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March 3, 2017

Eye of Horus

Since ancient times, the Eye of Horus, which is also referred to as the “all seeing eye,” is one of the most recognized symbols of ancient Egypt. The Egyptian symbol for the goddess Wedjat was used for protection, for healing, as well as for mathematical and medicinal calculations. The word Wedjat means sound, and it is the name of a cobra goddess often depicted as a rearing cobra. The all seeing eye continued in Egyptian civilization and was in use for thousands of years and still continues to be used today.1

According to Egyptian mythology, the god Horus lost his left eye in one of his struggles with the god Set, the brother of Osiris, for the right to rule Egypt, and to avenge the death of his father Osiris. The eye was later restored by the god Hathor, and his restoration came to symbolize the process of making whole and healing. Some other versions of the story indicate that the god Thoth restored the eye and not Hathor. The story states that the restored eye became a symbol of light, and represented protection, strength, and perfection. Although another version of the myth states that it was in fact the right eye and not his left, and that it represented the sun that was torn out again by Set during one of their battles.1

System parts of eye assigned fractional equivalents | Courtesy of Wikipedia |

Thoth then restored all of the eye except a small piece that became the origin of the Horus-eye fractions. The right side of the eye equaled 1/2, the pupil 1/4, the eyebrow 1/8, the left side of the eye 1/16, the curved tail 1/32, and the teardrop 1/64. Once these fractions were added, they total 63/64, known in mathematical circles as the reciprocal 2N series and a complementary fraction. The Horus eye fractions were used for measuring grains and medicines.3

The right eye is said to be symbolic of the sun, the day, and its power. The left eye represents the waxing and waning properties of the moon–the Horus or light of the night. The two-winged eyes represent the two divisions of heaven: north and south, and sun and moon.  The image uraeus was a symbol of kingship and power and said to be worn on top of the forehead. The Wedjat was also depicted as a leonine form known as the Eye of Ra. The Eye of Horus survived beyond ancient Egypt in various cultural, mystic, esoteric, and, more recently, neo-Egyptian traditions. The masonic symbol of the eye of Providence, which appears on U.S. currency, is said to derive from the Eye of Horus, as does the Rx symbol used by the pharmaceutical industry. Although some people believe the evil eye is part of the Wedjat tradition, it’s not, even though some sources may link the two. Therefore, the Wedjat is still popular as both a symbol and an amulet, either for protection or for its association with ancient Egyptian culture.4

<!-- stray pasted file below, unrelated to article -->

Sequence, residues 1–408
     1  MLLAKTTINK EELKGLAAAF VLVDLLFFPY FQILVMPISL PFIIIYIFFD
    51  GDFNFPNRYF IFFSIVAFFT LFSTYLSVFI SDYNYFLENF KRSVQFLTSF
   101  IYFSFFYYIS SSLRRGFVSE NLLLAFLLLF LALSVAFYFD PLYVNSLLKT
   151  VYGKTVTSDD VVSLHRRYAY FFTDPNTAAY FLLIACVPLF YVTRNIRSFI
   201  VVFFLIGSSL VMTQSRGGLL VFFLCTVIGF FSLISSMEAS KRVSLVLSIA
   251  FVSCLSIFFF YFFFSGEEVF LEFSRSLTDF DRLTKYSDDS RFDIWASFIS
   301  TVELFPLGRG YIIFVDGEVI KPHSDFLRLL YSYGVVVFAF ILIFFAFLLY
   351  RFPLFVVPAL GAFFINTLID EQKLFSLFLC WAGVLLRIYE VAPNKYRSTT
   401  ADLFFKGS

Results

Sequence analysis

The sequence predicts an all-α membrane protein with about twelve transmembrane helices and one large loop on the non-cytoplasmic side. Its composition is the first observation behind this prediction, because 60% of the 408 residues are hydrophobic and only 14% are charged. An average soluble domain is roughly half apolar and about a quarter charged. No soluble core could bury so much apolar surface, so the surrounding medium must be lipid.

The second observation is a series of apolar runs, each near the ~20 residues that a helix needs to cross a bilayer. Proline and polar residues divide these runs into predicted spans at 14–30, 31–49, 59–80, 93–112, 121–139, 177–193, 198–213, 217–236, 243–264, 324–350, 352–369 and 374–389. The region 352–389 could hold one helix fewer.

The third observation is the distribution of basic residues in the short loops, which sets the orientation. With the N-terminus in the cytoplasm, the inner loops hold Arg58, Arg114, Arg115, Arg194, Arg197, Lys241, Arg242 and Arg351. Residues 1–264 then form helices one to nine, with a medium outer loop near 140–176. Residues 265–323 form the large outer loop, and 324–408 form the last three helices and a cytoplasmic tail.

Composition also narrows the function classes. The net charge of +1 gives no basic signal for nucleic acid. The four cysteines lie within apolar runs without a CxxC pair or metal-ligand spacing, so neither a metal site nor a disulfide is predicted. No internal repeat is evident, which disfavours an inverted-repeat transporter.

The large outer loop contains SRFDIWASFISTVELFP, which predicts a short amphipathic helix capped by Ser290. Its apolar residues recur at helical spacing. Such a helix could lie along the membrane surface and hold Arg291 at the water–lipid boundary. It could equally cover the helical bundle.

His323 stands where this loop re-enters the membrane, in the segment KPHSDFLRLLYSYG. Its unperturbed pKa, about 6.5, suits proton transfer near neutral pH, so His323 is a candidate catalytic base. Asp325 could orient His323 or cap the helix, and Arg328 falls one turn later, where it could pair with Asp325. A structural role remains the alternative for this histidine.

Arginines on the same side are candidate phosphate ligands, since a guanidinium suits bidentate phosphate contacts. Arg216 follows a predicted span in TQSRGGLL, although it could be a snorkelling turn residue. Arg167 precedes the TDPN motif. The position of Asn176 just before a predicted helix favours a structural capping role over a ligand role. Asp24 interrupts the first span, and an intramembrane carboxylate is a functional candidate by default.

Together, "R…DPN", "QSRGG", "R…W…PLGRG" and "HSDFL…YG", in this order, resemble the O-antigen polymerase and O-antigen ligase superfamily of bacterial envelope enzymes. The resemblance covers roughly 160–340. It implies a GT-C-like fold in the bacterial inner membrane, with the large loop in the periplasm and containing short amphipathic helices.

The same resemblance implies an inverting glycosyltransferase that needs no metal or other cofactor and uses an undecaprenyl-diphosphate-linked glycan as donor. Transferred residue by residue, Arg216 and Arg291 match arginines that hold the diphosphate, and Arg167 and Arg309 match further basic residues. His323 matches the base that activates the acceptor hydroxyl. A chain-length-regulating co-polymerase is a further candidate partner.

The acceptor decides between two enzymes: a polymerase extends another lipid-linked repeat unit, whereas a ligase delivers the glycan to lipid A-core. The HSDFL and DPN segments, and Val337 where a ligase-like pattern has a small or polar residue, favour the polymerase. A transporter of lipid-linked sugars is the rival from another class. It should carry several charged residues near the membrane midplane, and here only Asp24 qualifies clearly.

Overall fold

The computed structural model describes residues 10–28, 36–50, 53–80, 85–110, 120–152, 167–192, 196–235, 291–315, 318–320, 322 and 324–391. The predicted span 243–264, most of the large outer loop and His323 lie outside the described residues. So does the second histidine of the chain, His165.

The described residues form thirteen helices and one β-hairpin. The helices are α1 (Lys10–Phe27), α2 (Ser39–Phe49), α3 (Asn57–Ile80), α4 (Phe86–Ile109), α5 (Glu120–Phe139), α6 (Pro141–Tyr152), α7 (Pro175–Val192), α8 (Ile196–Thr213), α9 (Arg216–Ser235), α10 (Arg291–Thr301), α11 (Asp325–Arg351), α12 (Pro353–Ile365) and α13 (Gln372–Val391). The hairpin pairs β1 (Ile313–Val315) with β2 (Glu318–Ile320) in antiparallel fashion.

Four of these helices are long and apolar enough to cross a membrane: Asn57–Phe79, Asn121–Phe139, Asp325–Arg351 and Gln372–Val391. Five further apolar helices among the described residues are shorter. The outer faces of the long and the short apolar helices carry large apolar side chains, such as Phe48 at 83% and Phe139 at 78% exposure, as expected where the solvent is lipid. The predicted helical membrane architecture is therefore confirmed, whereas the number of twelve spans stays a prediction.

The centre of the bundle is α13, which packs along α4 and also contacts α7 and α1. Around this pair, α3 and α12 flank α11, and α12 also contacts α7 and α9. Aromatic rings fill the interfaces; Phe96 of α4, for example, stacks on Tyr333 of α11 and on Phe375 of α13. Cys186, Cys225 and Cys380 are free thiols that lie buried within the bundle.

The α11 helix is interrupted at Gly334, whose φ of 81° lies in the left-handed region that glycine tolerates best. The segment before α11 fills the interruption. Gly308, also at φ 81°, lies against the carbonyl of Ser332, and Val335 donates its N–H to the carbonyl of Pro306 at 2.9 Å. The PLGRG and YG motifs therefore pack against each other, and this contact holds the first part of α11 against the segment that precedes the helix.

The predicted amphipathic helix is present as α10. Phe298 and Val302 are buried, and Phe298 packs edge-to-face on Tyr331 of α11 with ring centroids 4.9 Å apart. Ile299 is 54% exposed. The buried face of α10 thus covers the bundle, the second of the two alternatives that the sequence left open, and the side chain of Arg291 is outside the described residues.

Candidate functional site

1. Encyclopedia of African Region, 2009, s.v. “Eye of Horus, ” by Denise Martin.
  2. Encyclopedia of African Region, 2009, s.v. “Eye of Horus, ” by Denise Martin.
  3. Edward Hincks, “On the Age of the Eighteenth Dynasty of Manetho,” The Transaction of the Royal Irish Academy Vol.21 (1864): 3-10.
  4. Edward Hincks, “On the Age of the Eighteenth Dynasty of Manetho,” The Transaction of the Royal Irish Academy Vol.21 (1864): 3-10.

Elizabeth Garibay

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Recent Comments


  • James Clark

    The Eye of Horus is one of the most recognizable symbols that managed to stand the test of time. It’s extremely interesting to see how the symbol of the Eye of Horus came to be and why the eye is now seen as a symbol of protection and strength. Also, even when reading about Egyptian mythology I never came across the fact that the Eye of Horus was used for measuring different things in Egypt. It’s extremely interesting to find out the true meaning behind the Eye of Horus and its many other important uses in Egyptian culture.

  • Azariel Del Carmen